The Greens see the world primarily in terms of ecosystems, and thus concentrate on depletion, damage, pollution, and population growth. They focus on carrying capacity and want to bring about better under- standing of how large the economy can grow before it outstrips its host. Their policy focuses on how many and how much, the number of people, and the amount of impact each person can have upon the environment. Greens are not usually technophobes; most see technology as an important tool to reduce human impact. More recently, some have become interested in free-market mechanisms, and want externalities presently borne by society to be fully integrated into producer costs and consumer prices so that markets become, in David Korten’s phrase, “mindful.” The Greens, and to some extent the Reds, host bigger tents in that they hold a bolder and broader diversity of views. But this also keeps them splintered and self-canceling, as Greens tend to unite their enemies and divide their friends, a good formula for political failure. They are often portrayed as caring less for people than animals, more about halogenated compounds than waterborne diseases.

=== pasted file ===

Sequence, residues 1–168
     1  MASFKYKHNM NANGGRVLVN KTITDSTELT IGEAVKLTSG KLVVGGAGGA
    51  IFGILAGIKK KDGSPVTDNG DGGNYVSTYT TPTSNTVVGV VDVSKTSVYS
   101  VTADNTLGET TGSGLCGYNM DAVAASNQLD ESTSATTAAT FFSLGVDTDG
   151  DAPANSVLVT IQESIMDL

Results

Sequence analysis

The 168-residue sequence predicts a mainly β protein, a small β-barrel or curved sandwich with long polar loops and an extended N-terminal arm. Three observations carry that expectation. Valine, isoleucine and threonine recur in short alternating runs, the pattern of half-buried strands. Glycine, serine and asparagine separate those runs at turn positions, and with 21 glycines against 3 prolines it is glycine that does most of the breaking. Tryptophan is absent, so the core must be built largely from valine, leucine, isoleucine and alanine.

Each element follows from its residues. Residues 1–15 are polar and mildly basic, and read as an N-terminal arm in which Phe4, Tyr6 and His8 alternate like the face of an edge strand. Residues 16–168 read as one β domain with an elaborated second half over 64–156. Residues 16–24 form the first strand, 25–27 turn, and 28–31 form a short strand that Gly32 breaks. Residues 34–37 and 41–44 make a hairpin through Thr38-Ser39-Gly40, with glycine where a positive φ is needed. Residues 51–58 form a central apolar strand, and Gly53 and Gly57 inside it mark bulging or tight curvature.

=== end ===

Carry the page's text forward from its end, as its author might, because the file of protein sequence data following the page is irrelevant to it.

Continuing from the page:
After participating in the debate and hearing all the different views, arguments, propositions, counterarguments and the overall feedback:
(1) Summarize in 400 words what makes the new project of the Pink Lake City in Senegal a sustainable one according to the value system of the Greens.
(2) Write another 400 words on issues that the city plan fails to address according to the value system of the Greens.
(Sustainable Development in Cities, USP 514 Class Discussion)